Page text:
Noted contrarian journalist Ron Haggart dies
Haggart died Saturday at Toronto Western Hospital, the Toronto Star reported.
Born in Vancouver in 1927, Haggart began his career in journalism in the student press, while attending the University of British Columbia.
He started his professional career in the 1950s, spending decades as a print reporter and columnist, then switching over to a career in television news.
"Ron was one of those legendary gruff, tell-em-as-it-is reporters and columnists who delighted in controversy and was never afraid to ruffle feathers," John Honderich, chair of Torstar's board of directors, said in a statement.
As a print reporter, Haggart wrote for the Vancouver Sun, the Globe and Mail, the Toronto Star and the Toronto Telegram. He also lent his voice to radio talk shows, speaking out against concentration of media ownership and the government’s military ambitions.
"The mindset that war is inevitable scars our psyches and ruins our concept of normality," he said in an appearance on CBC Radio in 1961, as he urged Canadians to reject nuclear warfare.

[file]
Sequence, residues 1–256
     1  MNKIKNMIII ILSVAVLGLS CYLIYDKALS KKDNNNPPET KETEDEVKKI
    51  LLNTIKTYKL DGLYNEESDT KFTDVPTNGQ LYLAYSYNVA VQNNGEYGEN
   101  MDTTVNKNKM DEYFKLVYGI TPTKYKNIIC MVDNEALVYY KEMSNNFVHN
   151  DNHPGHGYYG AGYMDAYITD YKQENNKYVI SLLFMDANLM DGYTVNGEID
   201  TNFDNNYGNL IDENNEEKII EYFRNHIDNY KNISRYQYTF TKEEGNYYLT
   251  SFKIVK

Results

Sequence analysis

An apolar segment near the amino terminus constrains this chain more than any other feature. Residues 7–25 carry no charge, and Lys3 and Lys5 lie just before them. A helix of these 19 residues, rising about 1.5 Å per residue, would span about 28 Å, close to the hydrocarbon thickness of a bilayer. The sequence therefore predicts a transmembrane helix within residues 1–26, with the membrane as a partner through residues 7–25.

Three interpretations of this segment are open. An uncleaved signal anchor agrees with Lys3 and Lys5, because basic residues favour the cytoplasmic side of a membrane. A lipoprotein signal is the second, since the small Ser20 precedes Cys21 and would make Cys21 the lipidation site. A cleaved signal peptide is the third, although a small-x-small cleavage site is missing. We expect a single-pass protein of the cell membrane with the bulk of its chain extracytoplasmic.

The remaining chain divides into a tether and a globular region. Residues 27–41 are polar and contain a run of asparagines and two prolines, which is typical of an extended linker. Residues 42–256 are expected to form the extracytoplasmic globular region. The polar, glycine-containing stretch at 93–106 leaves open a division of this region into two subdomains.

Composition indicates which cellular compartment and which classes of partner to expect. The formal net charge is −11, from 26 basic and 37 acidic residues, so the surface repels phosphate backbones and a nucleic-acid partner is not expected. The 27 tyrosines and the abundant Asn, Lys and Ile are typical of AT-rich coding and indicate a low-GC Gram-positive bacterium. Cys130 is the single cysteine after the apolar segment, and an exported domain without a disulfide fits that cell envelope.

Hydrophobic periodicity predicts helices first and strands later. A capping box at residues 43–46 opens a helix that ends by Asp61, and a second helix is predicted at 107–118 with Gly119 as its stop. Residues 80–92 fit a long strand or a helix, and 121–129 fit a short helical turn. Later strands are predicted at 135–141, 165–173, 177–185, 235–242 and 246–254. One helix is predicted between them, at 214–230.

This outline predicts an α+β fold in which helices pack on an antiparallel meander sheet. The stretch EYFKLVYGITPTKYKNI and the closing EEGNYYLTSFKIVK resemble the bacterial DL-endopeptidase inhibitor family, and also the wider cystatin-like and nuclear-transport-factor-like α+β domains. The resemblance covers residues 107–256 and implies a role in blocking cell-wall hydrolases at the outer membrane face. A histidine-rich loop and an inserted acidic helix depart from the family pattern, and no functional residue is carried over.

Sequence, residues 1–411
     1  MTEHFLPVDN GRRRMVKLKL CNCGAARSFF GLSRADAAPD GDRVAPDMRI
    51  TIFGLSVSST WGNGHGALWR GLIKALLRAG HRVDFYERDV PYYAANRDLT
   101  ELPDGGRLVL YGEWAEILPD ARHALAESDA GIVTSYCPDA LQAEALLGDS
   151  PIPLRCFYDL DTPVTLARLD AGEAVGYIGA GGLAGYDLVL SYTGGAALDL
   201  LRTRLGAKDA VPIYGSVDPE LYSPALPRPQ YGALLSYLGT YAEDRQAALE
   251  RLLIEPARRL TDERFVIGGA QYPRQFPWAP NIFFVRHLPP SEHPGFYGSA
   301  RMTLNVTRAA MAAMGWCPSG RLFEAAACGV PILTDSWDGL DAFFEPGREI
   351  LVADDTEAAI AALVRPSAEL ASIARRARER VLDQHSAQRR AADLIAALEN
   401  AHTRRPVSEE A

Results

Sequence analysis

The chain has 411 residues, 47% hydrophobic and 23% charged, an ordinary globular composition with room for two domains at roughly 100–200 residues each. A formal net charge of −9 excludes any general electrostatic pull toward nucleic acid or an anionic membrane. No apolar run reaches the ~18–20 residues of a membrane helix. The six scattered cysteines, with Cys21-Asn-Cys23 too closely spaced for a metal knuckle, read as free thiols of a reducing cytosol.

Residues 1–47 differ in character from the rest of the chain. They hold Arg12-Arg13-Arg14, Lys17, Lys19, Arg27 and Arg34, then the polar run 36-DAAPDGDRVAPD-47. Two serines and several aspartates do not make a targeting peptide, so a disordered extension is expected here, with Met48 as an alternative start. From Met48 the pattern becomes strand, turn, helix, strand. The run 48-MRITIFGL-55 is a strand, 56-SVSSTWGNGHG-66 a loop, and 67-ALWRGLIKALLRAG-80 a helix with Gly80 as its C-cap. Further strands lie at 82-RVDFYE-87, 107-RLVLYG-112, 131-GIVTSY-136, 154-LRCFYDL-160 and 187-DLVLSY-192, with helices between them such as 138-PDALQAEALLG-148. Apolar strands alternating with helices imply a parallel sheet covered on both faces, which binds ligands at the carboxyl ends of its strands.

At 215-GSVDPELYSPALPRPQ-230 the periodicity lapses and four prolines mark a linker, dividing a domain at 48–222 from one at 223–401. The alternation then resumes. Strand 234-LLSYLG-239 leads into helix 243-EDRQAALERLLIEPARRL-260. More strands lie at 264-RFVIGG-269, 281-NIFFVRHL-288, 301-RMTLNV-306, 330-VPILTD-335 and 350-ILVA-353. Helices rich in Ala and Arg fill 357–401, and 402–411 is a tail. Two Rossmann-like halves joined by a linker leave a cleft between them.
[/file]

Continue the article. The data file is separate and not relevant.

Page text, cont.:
"The only choice today is peace."
Haggart’s first-person account of a Kingston Penitentiary riot, during which prison guards were held hostage by inmates, earned him a National Newspaper Award in 1971.
That same year, he co-authored the book Rumours of War, which went against the grain and lashed out against the Trudeau government for violating civil liberties during the 1970 October Crisis.
After that pivotal year, Haggart made the leap to television journalism.
In 1972, he joined Citytv in the Toronto station’s early days, blending in-depth local reporting, interviews and debates to create his nightly news program. An early promotional advertisement promised that "Our City Show with Ron Haggart will try to speak clearly on those issues that confront you and your immediate world."
Haggart joined the CBC in 1975, the year The Fifth Estate made its debut. He helped establish the investigative news program’s tradition of provocative journalism. He also served as co-executive producer of the debate show Faceoff (later developed into Counterspin), which put its expert guests in the hot seat.
Haggart remained with the CBC until his retirement in 1991. In his later years, he remained active as a journalistic consultant for independent media outlets like the Real News Network.
Colleagues remember Haggart as a sharp and principled journalist, who often repeated the phrase, "that which 'everybody knows' is usually false."